© 2010 – Routledge
Chris Brown is a prominent international political theorist who has contributed to debates on pluralism, justice and human rights. This book draws together seventeen of his most important and influential articles from the last twenty years.
These essays include influential statements on the role of normative theory and international ethics, the so-called ‘cosmopolitan-communitarian debate’ and anti-foundationalist thought in international relations, as well as important contributions to Rawlsian and Post-Rawlsian theories of international and global justice. The most recent papers address subjects such as the notion of global civil society, and controversies over the ethics of pre-emptive warfare, and the inevitably selective nature of humanitarian interventions.
The book includes a framing introduction written for this volume, in which Brown discusses his own influences, and the evolution of his thinking throughout his career. Although this evolution has involved a progressively less critical viewpoint towards liberal thought and liberal internationalism, and a greater commitment to universal values, some things have remained constant – in particular a focus on the importance of political judgement and scepticism directed towards the idea that there are simple solutions to complex problems. The collection ends fittingly with a critique of the popular cosmopolitanism of figures such as Bono and Bob Geldof.
This collection will be essential reading for all scholars and graduates with an interest in international political theory.
'Chris Brown is what many scholars wish to be - a writer whose lucid expositions never fail to engage, challenge, and enlighten. For thoughtful students of international affairs, these essays are an education in the subject at its self-reflective best.' - Terry Nardin, National University of Singapore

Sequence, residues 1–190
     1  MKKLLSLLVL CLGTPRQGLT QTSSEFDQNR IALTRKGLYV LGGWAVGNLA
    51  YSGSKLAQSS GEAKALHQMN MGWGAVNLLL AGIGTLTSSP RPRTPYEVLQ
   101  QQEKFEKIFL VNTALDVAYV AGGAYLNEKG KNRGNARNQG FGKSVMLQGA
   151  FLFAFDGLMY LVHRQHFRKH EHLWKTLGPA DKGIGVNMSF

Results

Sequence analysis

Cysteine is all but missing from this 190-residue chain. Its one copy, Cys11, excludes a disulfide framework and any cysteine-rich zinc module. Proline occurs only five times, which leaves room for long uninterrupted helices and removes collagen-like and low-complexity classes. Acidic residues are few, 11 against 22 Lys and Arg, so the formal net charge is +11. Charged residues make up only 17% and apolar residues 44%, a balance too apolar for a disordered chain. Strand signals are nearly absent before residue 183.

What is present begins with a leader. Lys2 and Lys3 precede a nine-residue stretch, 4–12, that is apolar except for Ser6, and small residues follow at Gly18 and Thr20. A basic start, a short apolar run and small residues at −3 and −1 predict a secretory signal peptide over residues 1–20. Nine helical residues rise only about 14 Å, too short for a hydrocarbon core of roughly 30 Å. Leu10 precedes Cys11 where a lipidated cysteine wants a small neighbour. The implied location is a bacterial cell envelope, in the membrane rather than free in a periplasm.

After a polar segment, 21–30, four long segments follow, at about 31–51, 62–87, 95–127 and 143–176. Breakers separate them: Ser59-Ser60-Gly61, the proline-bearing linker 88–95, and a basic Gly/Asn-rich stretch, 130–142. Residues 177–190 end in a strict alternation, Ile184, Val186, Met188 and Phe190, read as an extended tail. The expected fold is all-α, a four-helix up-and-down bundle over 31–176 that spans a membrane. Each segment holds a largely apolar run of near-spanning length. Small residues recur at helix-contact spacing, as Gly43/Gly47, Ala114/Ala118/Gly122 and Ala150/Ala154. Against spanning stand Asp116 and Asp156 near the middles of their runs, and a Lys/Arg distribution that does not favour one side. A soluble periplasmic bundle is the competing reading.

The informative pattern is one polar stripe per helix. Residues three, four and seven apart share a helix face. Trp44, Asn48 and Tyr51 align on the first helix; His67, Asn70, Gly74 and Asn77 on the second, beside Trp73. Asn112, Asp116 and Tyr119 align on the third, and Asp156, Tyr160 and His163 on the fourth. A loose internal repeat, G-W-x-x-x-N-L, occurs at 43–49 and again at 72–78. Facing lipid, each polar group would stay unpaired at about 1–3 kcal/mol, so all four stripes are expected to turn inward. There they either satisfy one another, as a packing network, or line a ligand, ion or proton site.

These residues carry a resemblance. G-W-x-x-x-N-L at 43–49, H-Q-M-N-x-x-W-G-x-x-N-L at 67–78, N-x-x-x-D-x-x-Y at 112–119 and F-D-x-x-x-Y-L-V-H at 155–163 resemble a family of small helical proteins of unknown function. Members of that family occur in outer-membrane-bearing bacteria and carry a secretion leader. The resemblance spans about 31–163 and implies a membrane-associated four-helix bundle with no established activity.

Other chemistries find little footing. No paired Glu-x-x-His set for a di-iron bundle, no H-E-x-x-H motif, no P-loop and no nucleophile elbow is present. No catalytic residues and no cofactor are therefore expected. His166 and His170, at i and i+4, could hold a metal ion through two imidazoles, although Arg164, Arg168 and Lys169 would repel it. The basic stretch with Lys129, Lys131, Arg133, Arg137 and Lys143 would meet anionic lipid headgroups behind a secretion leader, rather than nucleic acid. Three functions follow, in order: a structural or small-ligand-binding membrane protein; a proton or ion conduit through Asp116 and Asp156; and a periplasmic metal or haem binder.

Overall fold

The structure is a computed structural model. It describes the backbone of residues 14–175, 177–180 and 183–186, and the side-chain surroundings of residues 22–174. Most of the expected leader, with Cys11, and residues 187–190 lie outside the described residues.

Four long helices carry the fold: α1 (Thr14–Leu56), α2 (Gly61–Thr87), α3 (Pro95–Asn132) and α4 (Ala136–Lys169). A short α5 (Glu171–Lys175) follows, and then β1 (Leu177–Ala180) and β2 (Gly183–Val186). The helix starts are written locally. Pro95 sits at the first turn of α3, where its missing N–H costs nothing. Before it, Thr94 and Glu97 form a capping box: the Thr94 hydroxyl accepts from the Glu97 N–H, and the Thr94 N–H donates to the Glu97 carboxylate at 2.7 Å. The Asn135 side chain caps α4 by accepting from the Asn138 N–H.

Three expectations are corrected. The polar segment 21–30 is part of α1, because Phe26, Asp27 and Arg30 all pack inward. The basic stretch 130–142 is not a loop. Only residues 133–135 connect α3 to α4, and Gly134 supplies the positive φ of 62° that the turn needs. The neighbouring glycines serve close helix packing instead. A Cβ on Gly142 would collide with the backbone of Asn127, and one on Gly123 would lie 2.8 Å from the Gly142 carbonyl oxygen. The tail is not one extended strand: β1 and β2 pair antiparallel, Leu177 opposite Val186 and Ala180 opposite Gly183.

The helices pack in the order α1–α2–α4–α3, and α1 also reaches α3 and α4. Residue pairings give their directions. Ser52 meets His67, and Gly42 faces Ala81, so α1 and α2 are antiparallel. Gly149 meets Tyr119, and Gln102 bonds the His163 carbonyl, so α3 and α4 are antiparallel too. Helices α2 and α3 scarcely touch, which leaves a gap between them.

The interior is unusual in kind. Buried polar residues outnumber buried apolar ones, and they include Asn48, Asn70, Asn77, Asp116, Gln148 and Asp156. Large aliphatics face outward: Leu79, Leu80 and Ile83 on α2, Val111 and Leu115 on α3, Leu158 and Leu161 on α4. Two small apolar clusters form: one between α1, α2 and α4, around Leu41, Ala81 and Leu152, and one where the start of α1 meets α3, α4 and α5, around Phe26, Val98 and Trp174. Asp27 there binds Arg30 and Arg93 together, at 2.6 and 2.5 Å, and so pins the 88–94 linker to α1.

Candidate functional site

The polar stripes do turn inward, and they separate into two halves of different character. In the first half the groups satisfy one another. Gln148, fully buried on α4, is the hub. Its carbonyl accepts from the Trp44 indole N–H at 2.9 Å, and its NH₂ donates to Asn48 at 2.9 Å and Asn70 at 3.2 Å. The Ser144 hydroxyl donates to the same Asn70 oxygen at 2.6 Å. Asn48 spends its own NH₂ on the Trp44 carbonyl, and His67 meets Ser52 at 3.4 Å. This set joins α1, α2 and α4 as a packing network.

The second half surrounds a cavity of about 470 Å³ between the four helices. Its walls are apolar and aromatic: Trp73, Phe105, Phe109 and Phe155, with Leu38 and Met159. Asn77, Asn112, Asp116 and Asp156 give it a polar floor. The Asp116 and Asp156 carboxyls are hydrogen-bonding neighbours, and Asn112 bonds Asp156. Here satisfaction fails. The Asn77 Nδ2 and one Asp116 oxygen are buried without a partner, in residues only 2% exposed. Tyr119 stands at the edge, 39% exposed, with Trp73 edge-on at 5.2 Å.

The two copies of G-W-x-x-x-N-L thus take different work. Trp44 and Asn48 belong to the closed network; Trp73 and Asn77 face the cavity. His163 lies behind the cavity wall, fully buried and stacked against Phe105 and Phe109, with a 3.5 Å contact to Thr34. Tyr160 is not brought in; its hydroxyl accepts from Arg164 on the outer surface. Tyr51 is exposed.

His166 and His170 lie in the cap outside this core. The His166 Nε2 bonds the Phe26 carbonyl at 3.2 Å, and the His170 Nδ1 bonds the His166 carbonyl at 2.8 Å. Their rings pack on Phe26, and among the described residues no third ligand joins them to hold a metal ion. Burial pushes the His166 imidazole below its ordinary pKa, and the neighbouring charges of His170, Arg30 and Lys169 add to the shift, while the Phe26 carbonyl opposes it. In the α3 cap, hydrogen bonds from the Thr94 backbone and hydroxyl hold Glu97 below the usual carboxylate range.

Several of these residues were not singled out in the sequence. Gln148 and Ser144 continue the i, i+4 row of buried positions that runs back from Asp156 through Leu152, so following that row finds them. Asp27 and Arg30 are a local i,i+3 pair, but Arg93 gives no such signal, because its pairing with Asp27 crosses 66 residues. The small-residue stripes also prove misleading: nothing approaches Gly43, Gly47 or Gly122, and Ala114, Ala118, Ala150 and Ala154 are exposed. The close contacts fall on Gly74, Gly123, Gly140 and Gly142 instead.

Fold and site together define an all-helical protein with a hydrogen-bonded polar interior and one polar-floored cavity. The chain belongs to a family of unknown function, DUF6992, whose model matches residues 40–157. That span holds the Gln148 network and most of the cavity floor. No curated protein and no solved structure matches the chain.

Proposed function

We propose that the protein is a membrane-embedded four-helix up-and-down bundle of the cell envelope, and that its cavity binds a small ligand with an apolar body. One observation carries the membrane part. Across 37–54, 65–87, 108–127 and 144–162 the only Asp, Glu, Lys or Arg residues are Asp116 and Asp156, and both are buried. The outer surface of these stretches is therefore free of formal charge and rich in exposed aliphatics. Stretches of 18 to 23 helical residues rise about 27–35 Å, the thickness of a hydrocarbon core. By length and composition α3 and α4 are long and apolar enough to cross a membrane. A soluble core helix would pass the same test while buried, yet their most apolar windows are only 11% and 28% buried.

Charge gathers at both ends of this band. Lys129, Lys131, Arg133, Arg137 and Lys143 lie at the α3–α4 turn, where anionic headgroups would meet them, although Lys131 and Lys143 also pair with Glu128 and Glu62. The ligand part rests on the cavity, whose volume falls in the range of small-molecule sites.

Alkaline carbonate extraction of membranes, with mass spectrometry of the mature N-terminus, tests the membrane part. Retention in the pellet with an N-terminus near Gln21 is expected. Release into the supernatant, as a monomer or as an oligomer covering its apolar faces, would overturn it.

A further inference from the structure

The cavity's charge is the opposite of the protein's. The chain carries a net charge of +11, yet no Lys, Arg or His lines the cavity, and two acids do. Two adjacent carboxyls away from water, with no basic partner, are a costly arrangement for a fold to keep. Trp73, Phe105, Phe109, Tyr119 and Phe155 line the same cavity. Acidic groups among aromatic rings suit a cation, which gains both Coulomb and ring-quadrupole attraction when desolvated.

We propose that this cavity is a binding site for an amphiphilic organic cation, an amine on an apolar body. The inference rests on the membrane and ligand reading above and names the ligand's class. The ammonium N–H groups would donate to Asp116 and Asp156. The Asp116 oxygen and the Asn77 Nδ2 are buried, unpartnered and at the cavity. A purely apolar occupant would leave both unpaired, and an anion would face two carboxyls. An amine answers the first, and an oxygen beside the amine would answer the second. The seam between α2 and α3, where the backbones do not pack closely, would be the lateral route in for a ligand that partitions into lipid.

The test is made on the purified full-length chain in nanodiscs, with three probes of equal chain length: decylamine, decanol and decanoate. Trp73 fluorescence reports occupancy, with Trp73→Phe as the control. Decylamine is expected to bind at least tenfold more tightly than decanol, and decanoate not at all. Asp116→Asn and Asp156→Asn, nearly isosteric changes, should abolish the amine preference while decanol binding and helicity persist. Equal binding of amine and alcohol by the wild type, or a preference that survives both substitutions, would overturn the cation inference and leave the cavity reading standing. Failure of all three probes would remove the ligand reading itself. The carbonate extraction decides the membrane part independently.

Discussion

'I urge every student of international relations and political thought to read this book. You will find yourself on an amazing journey through the essential currents of contemporary intellectual history. Chris Brown is an incomparable guide. He shows us his subject in all of its magnificent scope. His clarity, discernment and charming wit carry you lightly through even the heaviest of arguments. It is a rare collection of essays that can re-cast an entire genre of literature. This volume does so. Like all great essayists, Chris Brown gives us ideas, characters and stories that delight and instruct.' - Joel H. Rosenthal, President, Carnegie Council for Ethics in International Affairs
This is an invaluable volume. Each essay is immensely insightful, unfailingly engaging, and boldly provocative. Moreover, the collection as a whole maps the evolution in thinking of an eminently important scholar who has done no less than pioneer the field of study variously known as a ‘international political theory’, ‘normative international relations (IR) theory’ and ‘international ethics.’ - Toni Erskine, Aberystwyth University
1. Introduction: A Life in Theory Part I. Communitarians and Cosmopolitans 2. The Modern Requirement: Reflections on Normative Theory in a Post-Western World 3. Ethics of Co-Existence: The International Theory of Terry Nardin 4. International Theory and International Society: The Viability of the Middle Way 5. Universal Human Rights: A Critique 6. Towards a Neo-Aristotelian Resolution of the Communitarian Cosmopolitan Debate 7. Cultural Diversity and International Political Theory 8. The Construction of a Realistic Utopia: John Rawls and International Political Theory Part II. The Discourse of International Relations 9. Not my Department? Normative Theory and International Relations 10. Hegel and International Ethics 11. Turtles all the way down: Antifoundationalism, Critical theory and International Relations 12. Liberalism and The Globalisation of Ethics 13. Tragedy, Tragic Choices and International Political Theory Part III. The Exercise of Judgement 14. Cosmopolitanism, World Citizenship and Global Civil Society 15. On Morality, Self-Interest and Foreign Policy 16. Selective Humanitarianism: In Defence of Inconsistency 17. Practical Judgement and the Ethics of Pre-emption 18. Bob Dylan, Live Aid, and the Politics of Popular Cosmopolitanism